Should also mention most other quotes are £20-23/m² however one of these included the cardboard spacers for ventilation (15mm). In the grand scheme of things its probably similar sort money (excluding the cheapest quote i had) for a finished job ready for tape/VCL etc.

If im honest, im skeptical, id prefer to use tried and tested methods - board/foam/tape but this appeals due to labour saving and (claimed) airtightness benefits.
Thinking if my cheapest quote checks out, i should be able to install a spacer system to maintain the proper ventilation gap but specify a closed cell foam getting all the other benefits with out the down sides and probably a lower finished cost.

Cables are currently tracked into the brickwork in conduit and dropped down from above. Seems like a good option for the wall. Would it normally be recommended to have an air gap between the wall and a PIR/PU board? do you see any issue by spraying foam on directly, eliminating any air gap?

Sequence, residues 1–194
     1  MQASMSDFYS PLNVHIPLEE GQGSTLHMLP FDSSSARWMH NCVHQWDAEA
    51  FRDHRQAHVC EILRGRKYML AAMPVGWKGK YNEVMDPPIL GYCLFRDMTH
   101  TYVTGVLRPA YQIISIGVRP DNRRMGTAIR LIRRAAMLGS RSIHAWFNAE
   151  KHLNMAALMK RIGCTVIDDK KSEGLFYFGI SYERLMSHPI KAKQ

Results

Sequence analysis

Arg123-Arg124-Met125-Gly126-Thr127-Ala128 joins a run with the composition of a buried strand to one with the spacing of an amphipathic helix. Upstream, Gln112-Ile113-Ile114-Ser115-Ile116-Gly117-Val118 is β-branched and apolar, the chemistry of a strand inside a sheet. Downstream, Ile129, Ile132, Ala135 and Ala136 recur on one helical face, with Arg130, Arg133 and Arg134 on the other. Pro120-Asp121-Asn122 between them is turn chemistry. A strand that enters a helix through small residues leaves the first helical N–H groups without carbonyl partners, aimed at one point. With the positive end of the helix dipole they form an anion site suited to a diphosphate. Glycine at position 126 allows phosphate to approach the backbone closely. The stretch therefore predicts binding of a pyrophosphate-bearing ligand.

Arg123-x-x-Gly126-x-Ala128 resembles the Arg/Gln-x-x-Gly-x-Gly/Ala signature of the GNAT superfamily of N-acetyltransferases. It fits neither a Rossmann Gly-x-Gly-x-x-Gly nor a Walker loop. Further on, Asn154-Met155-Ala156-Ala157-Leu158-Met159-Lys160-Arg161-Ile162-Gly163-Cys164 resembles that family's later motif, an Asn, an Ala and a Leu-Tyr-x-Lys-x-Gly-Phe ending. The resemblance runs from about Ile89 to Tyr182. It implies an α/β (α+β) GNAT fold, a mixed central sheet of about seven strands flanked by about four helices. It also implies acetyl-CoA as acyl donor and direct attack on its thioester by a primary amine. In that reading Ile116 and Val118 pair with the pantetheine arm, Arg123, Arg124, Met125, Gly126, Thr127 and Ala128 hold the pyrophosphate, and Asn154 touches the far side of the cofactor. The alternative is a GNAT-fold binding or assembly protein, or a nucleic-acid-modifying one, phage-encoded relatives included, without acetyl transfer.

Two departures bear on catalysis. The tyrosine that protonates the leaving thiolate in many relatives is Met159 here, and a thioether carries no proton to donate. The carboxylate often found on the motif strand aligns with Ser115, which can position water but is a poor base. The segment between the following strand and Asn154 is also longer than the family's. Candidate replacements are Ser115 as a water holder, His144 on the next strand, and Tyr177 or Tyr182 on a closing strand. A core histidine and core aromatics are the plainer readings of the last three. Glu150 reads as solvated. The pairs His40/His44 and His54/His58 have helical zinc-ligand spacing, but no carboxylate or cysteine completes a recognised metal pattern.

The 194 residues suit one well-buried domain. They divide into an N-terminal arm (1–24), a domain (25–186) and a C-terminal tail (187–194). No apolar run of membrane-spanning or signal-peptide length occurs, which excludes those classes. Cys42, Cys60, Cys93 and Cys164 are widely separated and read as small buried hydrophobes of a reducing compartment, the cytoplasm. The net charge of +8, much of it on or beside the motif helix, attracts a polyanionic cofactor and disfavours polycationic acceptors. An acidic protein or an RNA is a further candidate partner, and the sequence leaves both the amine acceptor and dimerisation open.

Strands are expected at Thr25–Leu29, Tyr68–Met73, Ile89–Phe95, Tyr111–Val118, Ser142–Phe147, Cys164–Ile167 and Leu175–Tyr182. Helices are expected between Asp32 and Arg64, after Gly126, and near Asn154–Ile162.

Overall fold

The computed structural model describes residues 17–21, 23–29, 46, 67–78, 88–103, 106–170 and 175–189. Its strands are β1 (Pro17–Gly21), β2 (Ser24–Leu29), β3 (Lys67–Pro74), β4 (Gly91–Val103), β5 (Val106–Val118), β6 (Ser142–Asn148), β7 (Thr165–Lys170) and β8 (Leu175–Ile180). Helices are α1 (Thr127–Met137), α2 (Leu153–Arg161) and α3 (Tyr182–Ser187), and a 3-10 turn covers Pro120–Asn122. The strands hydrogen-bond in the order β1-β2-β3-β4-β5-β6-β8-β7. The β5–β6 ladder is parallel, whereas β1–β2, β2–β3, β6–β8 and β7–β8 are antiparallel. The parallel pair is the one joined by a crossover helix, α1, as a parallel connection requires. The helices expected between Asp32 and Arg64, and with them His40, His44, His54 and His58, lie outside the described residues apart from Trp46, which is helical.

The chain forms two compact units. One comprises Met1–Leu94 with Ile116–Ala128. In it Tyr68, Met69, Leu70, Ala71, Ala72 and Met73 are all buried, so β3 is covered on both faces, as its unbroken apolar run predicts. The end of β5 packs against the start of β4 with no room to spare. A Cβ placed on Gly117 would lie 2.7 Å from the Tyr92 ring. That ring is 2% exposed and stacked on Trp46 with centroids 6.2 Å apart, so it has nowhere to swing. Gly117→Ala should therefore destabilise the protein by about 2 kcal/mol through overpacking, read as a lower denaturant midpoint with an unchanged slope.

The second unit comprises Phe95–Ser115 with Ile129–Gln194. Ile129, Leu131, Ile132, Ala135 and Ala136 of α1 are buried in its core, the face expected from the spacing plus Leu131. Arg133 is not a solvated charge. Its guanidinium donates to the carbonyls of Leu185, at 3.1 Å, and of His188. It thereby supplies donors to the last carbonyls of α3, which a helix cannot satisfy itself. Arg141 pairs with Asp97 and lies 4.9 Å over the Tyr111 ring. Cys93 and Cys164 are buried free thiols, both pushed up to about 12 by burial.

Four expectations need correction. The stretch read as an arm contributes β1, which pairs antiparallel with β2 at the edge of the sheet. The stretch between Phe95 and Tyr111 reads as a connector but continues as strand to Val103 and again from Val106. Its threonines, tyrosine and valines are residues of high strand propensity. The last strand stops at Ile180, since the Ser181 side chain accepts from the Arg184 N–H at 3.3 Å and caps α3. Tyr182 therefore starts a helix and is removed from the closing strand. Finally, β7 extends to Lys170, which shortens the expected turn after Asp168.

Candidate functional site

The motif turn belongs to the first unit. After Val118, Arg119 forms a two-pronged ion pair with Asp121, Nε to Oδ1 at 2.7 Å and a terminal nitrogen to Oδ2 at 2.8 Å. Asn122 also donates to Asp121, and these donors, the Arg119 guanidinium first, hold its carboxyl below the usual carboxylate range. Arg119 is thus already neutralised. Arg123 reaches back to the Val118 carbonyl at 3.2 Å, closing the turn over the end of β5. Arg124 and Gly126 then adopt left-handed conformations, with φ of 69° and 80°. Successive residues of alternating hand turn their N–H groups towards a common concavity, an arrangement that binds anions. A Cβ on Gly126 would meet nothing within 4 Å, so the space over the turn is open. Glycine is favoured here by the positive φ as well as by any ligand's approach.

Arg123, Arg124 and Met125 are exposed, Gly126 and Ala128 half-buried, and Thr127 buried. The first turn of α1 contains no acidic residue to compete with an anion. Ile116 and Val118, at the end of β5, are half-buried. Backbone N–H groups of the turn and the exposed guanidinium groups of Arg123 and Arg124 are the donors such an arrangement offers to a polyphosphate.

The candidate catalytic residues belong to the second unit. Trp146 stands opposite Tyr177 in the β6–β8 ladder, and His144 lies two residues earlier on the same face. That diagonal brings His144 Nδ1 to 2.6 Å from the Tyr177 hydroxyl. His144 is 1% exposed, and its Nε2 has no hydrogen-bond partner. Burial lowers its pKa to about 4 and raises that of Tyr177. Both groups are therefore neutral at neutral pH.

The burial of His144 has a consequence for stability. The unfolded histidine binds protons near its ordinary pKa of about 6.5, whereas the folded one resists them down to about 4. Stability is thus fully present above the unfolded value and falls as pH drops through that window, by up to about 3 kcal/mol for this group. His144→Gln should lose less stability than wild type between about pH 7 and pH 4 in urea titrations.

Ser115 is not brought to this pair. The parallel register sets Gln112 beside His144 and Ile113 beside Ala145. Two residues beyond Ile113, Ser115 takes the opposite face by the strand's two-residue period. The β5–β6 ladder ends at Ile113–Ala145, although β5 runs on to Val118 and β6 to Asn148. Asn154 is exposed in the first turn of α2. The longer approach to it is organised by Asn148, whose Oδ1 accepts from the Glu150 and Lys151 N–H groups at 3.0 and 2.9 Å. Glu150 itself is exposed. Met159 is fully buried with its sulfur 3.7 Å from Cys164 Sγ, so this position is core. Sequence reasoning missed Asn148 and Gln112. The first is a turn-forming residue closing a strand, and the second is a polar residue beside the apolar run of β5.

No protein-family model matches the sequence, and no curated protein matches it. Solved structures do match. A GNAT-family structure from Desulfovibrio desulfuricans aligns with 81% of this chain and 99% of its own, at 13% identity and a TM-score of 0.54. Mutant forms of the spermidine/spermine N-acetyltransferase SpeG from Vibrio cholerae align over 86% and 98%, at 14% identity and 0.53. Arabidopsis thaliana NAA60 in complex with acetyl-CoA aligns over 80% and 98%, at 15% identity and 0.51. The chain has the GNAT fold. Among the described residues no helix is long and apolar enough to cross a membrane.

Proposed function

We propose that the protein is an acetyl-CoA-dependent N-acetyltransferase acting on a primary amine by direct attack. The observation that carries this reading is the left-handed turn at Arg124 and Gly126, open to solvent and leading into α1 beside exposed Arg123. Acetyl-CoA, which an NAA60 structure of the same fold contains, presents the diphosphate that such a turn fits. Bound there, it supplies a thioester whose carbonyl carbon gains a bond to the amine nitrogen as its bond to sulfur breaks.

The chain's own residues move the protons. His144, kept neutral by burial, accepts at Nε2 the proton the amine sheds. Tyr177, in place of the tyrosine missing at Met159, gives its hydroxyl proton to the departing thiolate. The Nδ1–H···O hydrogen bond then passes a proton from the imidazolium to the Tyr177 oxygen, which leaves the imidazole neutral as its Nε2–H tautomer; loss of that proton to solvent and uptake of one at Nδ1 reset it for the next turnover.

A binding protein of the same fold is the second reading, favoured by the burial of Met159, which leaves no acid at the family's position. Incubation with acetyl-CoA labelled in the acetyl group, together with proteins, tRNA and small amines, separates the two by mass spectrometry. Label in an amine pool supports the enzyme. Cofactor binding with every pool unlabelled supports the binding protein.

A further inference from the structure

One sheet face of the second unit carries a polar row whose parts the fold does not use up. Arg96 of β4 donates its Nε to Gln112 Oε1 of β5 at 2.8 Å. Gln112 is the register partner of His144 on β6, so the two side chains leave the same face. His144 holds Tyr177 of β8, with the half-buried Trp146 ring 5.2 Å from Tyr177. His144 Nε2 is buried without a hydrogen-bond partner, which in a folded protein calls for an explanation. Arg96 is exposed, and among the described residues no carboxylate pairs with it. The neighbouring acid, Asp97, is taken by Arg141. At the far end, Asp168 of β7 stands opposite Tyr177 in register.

Under no circumstances use a spray foam insulation, its a con and will leave you with a rotting roof. Do a search of the Roofing forum or follow links in this thread //

Just use 65 Kinspan or similar between your rafters leaving your 50mm air gap, seal any gaps with expanding foam, (its a PITA but that's what you get when renovating so you'd better just suck it up), then use say 50mm under the rafters screwed into the rafters, if your insulation is foil-backed then just tape over the gaps with a foil tape, then fix your plasterboard up, screwing through the insulation and into the rafters. Ensure you open up those eaves vents.
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Thanks for that,